Ubisoft will have to forgive me for being a bit sceptical about the 3D graphics in this game. Prior to Avatar, my last experience with 3d graphics was Nanosaur 2 - a pterodactyl-based shooter that came bundled with my iMac. It was a half-decent blaster, but while the stereographic technology worked rather well I still walked away feeling that the whole feature was little more than a gimmick.

So, has Ubisoft changed my opinion on this matter? Not exactly. I'm still not convinced that stereo graphics are about to revolutionise gaming, but on the strength of Avatar I can certainly see how they can add something worthwhile to the overall experience. Avatar is a third-person shooter set within the lush jungles of an alien planet; we've seen this kind of setting time and time again, and yet somehow it seems so much more alive when the scenery seems to have a visible depth. There you are, deep into the middle of a hostile rainforest, and as you turn around all you can see is an endless maze of colourful plant life - much of which is trying to kill you.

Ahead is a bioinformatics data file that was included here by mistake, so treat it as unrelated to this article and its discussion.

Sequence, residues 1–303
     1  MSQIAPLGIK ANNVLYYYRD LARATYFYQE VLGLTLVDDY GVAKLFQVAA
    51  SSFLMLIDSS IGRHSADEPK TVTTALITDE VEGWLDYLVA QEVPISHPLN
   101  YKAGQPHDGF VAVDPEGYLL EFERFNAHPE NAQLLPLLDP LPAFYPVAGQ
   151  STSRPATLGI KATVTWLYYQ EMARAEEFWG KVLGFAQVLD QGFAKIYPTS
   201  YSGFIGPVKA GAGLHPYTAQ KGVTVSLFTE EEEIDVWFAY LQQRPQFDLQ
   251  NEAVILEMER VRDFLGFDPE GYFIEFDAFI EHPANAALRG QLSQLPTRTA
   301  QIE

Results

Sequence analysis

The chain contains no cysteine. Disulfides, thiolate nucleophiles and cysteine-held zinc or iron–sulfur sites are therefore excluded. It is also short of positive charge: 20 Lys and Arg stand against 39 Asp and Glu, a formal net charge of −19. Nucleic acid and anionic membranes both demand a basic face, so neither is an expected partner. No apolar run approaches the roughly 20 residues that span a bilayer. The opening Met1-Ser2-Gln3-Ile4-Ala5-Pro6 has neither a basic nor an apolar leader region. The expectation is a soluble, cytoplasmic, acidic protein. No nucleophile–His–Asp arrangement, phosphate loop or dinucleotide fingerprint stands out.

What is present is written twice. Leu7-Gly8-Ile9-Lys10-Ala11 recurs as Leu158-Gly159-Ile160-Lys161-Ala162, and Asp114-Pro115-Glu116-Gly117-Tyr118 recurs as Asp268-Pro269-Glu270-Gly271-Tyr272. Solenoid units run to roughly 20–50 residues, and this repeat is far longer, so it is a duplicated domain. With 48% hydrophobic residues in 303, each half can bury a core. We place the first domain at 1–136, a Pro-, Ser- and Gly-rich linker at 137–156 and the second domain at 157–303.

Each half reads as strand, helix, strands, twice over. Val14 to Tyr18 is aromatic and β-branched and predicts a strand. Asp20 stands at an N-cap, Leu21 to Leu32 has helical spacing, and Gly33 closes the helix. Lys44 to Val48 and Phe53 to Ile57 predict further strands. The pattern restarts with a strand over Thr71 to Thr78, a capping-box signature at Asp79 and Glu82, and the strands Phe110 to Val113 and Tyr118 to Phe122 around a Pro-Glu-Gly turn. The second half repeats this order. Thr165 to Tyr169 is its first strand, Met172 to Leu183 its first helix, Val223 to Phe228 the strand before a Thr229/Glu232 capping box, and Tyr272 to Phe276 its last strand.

Of course, much of this effect is due to the design of Pandora itself. For the last four years Ubisoft has been working with director James Cameron as he builds his long-awaited sci-fi opus. Let's not forget that Jim was the man who brought us the Terminator, the Alien Queen and the Ripley's magnificent power-loader. Cameron and his designers know a thing or two about making cool toys, and it's already clear that both Avatar the Film and Avatar the Game will be packed with eye-catching goodies: lanky blue aliens, hoverships that look like dragonflies, and stompy stompy mech suits.

To be honest this is probably just as well, because only a few of us are ever going to experience this game in all its three dimensional glory. To play Avatar in 3D you'll need an HDTV capable of using a 120 Hz refresh rate in full 1080p, which currently means buying a fairly top-end set. You'll also need an HDMI-equipped console, meaning early generation Xbox 360s aren't up to the job. Ubisoft are quick to assert that funny-specs-o-vision-mode (my term, not theirs) is an entirely optional bonus, a stereographic cherry atop an already-sumptuous adventure cake; That may be true, but there's no denying the fact that if you leave aside the 3D aspect, there's a risk that Avatar could easily be written off as just another Gears of War clone.